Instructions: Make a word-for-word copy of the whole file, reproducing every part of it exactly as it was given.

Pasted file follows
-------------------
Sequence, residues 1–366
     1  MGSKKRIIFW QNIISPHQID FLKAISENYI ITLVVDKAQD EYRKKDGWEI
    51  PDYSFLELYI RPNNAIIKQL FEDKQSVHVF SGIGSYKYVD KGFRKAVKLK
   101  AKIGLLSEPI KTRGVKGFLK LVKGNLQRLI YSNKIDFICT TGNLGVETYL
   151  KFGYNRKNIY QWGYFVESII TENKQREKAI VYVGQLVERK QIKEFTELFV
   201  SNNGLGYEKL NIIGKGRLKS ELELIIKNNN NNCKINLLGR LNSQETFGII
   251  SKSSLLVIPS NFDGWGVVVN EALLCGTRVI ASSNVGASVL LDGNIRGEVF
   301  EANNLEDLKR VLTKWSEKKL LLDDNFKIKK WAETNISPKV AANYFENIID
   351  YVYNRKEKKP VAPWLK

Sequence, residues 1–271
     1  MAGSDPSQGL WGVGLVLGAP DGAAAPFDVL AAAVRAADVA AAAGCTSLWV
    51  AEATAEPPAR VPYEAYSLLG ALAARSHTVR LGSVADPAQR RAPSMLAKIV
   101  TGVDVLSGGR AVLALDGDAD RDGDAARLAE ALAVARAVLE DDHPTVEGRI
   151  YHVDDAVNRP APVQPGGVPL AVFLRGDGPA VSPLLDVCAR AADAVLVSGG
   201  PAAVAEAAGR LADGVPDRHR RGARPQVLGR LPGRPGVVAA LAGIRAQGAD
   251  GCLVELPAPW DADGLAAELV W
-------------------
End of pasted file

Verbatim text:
Sequence, residues 1–366
     1  MGSKKRIIFW QNIISPHQID FLKAISENYI ITLVVDKAQD EYRKKDGWEI
    51  PDYSFLELYI RPNNAIIKQL FEDKQSVHVF SGIGSYKYVD KGFRKAVKLK
   101  AKIGLLSEPI KTRGVKGFLK LVKGNLQRLI YSNKIDFICT TGNLGVETYL
   151  KFGYNRKNIY QWGYFVESII TENKQREKAI VYVGQLVERK QIKEFTELFV
   201  SNNGLGYEKL NIIGKGRLKS ELELIIKNNN NNCKINLLGR LNSQETFGII
   251  SKSSLLVIPS NFDGWGVVVN EALLCGTRVI ASSNVGASVL LDGNIRGEVF
   301  EANNLEDLKR VLTKWSEKKL LLDDNFKIKK WAETNISPKV AANYFENIID
   351  YVYNRKEKKP VAPWLK

Sequence, residues 1–271
     1  MAGSDPSQGL WGVGLVLGAP DGAAAPFDVL AAAVRAADVA AAAGCTSLWV
    51  AEATAEPPAR VPYEAYSLLG ALAARSHTVR LGSVADPAQR RAPSMLAKIV
   101  TGVDVLSGGR AVLALDGDAD RDGDAARLAE ALAVARAVLE DDHPTVEGRI
   151  YHVDDAVNRP APVQPGGVPL AVFLRGDGPA VSPLLDVCAR AADAVLVSGG
   201  PAAVAEAAGR LADGVPDRHR RGARPQVLGR LPGRPGVVAA LAGIRAQGAD
   251  GCLVELPAPW DADGLAAELV W